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The Savannah Sparrow has a widespread breeding range across North America from thesouthern U.S. to Arctic Alaska. This species will breed in open habitats ranging from meadows,cultivated fields, grazed pastures, roadsides, coastal grasslands and tundra (Wheelwright andRising 2008). On the coastal plain of Arctic Alaska, tundra nesting habitat is often associatedwith stream/river drainages, nesting on the ground often hidden under low shrubs (Wheelwrightand Rising 2008). During the breeding season they forage in a wide range of habitats on a varietyof insect prey although seeds and other vegetative matter are also consumed (Wheelwright andRising 2008). Savannah Sparrows are short-distance migrants and winter in the...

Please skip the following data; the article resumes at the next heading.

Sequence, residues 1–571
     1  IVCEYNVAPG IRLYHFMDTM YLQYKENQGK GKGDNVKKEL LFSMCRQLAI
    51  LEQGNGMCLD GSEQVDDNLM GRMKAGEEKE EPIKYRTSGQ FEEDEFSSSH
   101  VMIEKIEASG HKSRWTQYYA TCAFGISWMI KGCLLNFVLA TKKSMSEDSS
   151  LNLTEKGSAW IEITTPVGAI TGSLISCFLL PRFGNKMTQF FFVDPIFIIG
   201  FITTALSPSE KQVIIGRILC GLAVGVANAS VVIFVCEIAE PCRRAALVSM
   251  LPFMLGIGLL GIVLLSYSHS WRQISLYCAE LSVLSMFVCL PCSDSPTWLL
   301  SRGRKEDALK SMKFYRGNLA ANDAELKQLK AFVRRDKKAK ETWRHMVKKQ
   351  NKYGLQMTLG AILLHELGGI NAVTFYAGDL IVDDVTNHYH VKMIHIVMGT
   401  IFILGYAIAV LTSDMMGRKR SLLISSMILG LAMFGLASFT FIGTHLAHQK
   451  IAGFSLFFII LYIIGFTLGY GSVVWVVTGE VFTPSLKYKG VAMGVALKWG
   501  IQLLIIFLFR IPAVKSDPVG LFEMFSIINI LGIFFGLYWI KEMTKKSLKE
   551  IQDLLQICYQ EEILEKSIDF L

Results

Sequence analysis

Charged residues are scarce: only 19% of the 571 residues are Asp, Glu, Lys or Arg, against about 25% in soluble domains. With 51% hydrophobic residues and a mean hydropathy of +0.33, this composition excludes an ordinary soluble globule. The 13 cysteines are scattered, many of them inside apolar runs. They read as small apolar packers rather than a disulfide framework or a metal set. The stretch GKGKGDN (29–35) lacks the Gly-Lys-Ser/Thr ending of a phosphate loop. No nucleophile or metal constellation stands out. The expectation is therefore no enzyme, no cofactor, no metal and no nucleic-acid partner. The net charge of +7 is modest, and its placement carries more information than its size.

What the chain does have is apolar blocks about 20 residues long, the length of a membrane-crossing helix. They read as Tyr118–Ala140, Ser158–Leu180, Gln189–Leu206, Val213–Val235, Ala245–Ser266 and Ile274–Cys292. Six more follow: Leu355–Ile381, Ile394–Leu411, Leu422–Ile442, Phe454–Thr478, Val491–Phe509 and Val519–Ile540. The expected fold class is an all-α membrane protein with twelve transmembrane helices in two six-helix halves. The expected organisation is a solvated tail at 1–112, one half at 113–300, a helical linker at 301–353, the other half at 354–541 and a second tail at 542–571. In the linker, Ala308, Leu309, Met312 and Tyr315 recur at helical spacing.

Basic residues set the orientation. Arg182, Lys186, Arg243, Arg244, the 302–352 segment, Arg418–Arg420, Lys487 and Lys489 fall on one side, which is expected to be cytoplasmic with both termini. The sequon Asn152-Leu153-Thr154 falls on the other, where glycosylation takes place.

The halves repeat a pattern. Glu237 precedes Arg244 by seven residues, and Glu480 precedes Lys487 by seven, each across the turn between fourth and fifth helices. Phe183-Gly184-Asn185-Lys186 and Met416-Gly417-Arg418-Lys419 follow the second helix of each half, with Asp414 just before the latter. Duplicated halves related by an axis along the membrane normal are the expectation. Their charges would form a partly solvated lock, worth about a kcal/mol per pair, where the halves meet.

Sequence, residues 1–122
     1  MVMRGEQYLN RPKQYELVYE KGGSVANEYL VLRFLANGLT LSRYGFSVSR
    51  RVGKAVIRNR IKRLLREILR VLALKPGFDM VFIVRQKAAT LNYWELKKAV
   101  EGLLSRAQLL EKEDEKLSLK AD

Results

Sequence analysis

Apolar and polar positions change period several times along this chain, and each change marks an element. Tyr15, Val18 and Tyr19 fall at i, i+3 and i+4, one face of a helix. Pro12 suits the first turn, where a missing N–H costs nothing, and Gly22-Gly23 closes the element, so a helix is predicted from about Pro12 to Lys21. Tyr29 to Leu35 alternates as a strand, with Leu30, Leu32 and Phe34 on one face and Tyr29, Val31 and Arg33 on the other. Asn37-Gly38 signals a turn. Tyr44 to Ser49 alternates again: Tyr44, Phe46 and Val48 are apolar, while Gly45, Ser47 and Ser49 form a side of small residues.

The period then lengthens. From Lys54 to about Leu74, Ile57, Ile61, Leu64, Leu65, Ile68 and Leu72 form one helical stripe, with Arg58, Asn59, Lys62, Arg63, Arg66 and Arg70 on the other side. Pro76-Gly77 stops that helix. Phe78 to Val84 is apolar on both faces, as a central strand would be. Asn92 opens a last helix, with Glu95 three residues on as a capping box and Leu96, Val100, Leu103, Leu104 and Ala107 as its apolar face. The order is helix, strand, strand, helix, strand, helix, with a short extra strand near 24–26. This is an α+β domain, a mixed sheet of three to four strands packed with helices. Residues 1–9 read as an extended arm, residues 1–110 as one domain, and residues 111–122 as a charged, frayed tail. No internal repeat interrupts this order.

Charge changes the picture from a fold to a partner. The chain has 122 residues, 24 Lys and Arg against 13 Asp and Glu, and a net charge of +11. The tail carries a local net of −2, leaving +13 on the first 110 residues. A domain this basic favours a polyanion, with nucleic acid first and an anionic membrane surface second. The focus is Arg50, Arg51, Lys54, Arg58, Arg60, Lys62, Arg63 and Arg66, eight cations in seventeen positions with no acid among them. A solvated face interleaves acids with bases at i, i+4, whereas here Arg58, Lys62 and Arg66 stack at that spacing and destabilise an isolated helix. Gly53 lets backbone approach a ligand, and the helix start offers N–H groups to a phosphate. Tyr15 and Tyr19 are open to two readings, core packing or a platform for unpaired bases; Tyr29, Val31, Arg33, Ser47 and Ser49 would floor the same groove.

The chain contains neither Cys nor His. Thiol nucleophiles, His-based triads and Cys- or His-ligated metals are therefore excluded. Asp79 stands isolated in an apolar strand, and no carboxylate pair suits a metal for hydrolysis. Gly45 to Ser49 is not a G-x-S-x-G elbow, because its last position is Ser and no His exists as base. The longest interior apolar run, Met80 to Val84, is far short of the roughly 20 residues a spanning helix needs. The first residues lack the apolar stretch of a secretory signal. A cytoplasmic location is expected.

map background search result map search result map Hydroclimatological Data Rescue, Data Inventory, Network Analysis, and Data Distribution ASDN: a Network of Sites to Evaluate How Climate-mediated Change in the Arctic Ecosystem are Affecting Shorebird Distribution, Ecology, and Demography Final Report Narrative to National Fish and Wildlife Fund:  Climate, Wetlands and Waterbirds Interdisciplinary Project BioMap Alaska - Citizen Science for Alaska's Oceans Shorebird Distribution Models Factsheet Whimbrel Seasonality of Invertebrates Final Report Stilt Sandpiper Bar-tailed Godwit Dunlin Black-bellied Plover Savannah Sparrow Mapping Suitable Snow Habitat for Polar Bear Denning Final Report Threatened Eider Geodatabase for Northern Alaska, 2012 Edition Threatened Eider GDB, 2012 Edition shapefiles and tables Red Knot Yellow-billed Loon Pacific Loon Steller's Eider Long-tailed Jaeger Mapping Suitable Snow Habitat for Polar Bear Denning Final Report Seasonality of Invertebrates Final Report Final Report Narrative to National Fish and Wildlife Fund:  Climate, Wetlands and Waterbirds Interdisciplinary Project Shorebird Distribution Models Factsheet Whimbrel Stilt Sandpiper Bar-tailed Godwit Dunlin Black-bellied Plover Savannah Sparrow Threatened Eider Geodatabase for Northern Alaska, 2012 Edition Threatened Eider GDB, 2012 Edition shapefiles and tables Red Knot Yellow-billed Loon Pacific Loon Steller's Eider Long-tailed Jaeger BioMap Alaska - Citizen Science for Alaska's Oceans Hydroclimatological Data Rescue, Data Inventory, Network Analysis, and Data Distribution ASDN: a Network of Sites to Evaluate How Climate-mediated Change in the Arctic Ecosystem are Affecting Shorebird Distribution, Ecology, and Demography